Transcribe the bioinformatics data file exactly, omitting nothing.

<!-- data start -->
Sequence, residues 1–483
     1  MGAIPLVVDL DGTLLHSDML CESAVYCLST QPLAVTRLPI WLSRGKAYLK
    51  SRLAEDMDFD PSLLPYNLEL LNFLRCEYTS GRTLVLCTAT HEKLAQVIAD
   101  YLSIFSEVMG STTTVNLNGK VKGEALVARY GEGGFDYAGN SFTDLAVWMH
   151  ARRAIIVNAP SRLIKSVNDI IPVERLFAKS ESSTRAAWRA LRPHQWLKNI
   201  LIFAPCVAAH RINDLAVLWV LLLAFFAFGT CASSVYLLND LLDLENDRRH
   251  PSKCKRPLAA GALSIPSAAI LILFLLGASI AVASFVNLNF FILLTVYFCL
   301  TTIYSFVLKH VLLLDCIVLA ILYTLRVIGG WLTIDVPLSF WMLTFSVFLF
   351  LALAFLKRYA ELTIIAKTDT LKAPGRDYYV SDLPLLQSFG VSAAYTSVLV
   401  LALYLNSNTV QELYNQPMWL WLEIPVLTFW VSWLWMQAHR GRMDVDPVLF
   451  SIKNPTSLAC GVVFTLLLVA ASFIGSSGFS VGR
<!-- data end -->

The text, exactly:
Sequence, residues 1–483
     1  MGAIPLVVDL DGTLLHSDML CESAVYCLST QPLAVTRLPI WLSRGKAYLK
    51  SRLAEDMDFD PSLLPYNLEL LNFLRCEYTS GRTLVLCTAT HEKLAQVIAD
   101  YLSIFSEVMG STTTVNLNGK VKGEALVARY GEGGFDYAGN SFTDLAVWMH
   151  ARRAIIVNAP SRLIKSVNDI IPVERLFAKS ESSTRAAWRA LRPHQWLKNI
   201  LIFAPCVAAH RINDLAVLWV LLLAFFAFGT CASSVYLLND LLDLENDRRH
   251  PSKCKRPLAA GALSIPSAAI LILFLLGASI AVASFVNLNF FILLTVYFCL
   301  TTIYSFVLKH VLLLDCIVLA ILYTLRVIGG WLTIDVPLSF WMLTFSVFLF
   351  LALAFLKRYA ELTIIAKTDT LKAPGRDYYV SDLPLLQSFG VSAAYTSVLV
   401  LALYLNSNTV QELYNQPMWL WLEIPVLTFW VSWLWMQAHR GRMDVDPVLF
   451  SIKNPTSLAC GVVFTLLLVA ASFIGSSGFS VGR